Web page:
Before we saw Quartet, all I knew was that Dustin Hoffman directed it and it starred Maggie Smith (the Dowager Countess of Downton Abbey). Having seen everything else decent that was playing, this was our choice.
The movie is set at a retirement home for elderly musicians in England. Every year the residents produce a musical gala celebrating Verdi's birthday. However, putting together this year's gala involves a little more drama, a diva or two, some dementia, and a reunion of former artists. The story is a fairly predictable, but still an enjoyable tale. It rocks along, with enough characters and plot to keep one interested. However, it just lacks something. The movie is good but begs to be so much more.
It is well cast. Not only are there familiar actors, (even if you don't know their names, you'll recognize their faces), many of the roles of the residents at the home are played by little known authentic professional classical musicians and artists. As always, Maggie Smith plays her part with aplomb. But, she alone, cannot carry the load.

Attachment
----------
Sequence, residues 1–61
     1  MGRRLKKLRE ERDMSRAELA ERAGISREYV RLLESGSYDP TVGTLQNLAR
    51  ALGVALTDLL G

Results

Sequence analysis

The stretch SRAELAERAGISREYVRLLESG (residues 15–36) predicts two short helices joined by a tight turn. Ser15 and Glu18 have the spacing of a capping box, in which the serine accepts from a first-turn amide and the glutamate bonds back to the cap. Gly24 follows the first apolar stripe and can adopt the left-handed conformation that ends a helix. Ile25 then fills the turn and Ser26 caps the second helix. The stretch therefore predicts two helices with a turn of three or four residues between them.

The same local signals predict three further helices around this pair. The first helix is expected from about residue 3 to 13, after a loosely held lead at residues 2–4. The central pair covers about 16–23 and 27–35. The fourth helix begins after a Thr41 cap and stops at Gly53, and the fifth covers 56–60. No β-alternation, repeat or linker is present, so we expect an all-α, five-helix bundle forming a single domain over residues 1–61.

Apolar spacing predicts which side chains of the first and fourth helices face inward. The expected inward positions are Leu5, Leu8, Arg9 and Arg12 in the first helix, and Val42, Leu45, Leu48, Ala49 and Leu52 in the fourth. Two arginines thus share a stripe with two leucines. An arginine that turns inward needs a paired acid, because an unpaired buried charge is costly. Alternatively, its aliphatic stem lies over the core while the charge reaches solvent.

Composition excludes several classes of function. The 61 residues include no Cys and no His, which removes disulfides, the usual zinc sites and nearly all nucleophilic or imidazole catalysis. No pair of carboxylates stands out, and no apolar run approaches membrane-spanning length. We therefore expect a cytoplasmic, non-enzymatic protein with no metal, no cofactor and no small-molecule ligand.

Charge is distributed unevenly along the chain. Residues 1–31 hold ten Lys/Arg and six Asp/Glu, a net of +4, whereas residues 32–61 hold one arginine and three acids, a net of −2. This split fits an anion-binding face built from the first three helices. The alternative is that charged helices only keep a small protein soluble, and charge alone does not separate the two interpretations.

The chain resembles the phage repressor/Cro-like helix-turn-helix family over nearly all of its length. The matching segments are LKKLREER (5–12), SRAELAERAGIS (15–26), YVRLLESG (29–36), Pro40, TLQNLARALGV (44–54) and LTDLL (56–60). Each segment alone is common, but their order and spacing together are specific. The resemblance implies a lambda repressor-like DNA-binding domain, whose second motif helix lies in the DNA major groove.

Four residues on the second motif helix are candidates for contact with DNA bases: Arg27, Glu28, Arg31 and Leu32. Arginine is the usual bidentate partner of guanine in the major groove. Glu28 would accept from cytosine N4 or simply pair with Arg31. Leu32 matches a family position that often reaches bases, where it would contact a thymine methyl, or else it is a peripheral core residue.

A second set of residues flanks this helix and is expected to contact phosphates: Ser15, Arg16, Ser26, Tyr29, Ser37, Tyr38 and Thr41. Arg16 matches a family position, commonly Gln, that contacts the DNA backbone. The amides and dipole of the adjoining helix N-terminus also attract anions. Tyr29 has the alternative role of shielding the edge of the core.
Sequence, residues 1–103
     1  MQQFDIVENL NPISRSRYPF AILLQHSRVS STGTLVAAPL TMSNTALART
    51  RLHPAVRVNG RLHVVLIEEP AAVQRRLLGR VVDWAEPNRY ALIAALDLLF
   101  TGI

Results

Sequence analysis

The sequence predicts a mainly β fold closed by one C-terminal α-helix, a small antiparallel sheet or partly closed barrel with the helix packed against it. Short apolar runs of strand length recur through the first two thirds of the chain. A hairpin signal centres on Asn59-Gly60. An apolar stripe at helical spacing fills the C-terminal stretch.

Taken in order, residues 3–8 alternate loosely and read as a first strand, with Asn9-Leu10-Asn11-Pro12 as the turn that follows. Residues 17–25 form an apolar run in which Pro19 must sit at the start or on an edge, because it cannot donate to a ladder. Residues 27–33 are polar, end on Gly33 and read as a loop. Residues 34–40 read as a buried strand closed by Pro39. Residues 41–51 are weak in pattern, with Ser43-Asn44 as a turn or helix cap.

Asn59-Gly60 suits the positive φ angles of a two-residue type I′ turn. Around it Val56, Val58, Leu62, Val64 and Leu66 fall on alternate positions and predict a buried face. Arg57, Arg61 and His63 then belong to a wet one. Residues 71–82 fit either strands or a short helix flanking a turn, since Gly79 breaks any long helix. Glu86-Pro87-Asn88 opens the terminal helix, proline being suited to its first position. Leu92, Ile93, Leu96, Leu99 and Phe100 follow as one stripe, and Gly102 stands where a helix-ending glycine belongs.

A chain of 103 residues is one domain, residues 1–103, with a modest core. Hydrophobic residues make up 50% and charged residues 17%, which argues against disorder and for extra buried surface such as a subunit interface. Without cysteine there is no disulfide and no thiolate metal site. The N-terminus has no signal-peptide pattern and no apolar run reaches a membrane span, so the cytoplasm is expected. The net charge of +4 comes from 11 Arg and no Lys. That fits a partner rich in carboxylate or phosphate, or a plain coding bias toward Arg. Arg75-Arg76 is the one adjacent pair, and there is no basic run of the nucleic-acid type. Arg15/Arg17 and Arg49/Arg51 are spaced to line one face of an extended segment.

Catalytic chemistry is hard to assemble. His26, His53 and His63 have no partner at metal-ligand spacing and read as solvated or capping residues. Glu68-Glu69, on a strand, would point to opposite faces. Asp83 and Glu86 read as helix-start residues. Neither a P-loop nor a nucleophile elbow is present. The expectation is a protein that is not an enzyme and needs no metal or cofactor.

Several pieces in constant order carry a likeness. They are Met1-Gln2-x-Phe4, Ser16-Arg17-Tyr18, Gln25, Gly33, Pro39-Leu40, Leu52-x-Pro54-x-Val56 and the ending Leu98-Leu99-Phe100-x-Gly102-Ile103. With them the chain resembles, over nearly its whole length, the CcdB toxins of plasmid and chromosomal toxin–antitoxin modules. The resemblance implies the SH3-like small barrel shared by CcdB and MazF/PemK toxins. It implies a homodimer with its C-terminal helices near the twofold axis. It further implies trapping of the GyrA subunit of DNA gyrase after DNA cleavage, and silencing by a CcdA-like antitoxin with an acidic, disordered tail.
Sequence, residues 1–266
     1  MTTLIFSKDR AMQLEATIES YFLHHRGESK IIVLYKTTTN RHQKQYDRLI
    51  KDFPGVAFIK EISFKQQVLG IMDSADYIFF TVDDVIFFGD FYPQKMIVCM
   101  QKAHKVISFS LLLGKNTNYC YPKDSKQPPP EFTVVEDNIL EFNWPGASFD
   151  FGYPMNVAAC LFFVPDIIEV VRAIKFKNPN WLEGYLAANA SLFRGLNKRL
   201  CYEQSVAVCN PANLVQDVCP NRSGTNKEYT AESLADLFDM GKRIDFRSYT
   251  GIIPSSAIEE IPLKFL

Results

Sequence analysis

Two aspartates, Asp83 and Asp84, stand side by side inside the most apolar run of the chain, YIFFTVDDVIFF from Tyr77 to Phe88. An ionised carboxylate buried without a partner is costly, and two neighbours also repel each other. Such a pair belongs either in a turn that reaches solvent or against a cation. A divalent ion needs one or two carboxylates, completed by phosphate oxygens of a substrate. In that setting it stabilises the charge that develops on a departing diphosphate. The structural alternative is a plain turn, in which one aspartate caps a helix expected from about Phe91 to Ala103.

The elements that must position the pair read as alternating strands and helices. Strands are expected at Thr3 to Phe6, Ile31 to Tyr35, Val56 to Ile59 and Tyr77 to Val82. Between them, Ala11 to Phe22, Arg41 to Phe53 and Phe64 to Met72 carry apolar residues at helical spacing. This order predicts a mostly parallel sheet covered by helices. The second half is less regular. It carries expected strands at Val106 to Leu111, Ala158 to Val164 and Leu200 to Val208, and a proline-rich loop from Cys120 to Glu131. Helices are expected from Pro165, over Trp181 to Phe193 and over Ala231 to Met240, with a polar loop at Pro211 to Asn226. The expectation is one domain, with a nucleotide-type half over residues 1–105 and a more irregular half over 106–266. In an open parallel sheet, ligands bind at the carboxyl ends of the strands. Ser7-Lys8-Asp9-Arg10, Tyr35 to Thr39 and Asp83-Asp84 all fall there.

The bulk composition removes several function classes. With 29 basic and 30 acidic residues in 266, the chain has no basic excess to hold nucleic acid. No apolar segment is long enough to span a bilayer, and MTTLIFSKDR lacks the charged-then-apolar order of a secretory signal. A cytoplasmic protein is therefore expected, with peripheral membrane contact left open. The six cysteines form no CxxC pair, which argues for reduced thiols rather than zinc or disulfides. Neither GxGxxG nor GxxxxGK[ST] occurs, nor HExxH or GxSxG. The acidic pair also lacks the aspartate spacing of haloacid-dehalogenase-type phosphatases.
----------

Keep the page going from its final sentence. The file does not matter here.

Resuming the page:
I walked out of the theater thinking - I enjoyed that. It was a good movie, but not a great movie. And, then it hit me - this movie was like having a glass of red wine. Looking at it, the wine is a deep red color and has a wonderful aroma. However, when you take your first sip, you find it to be weak, but not bad nor bitter. You can still taste the flavors you imagined, however, they are just faint. But, you keep sipping because the flavor is pleasing and you feel the flavor will get stronger if you just sip it long enough.
I recommend the movie with the caveat that it is a "light" version.